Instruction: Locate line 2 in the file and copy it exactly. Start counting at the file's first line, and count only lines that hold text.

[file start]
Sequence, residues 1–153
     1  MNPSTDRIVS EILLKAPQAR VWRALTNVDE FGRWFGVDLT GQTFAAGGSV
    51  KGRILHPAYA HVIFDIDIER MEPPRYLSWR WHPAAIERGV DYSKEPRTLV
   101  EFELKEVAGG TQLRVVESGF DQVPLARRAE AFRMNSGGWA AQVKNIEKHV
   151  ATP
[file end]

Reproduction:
     1  MNPSTDRIVS EILLKAPQAR VWRALTNVDE FGRWFGVDLT GQTFAAGGSV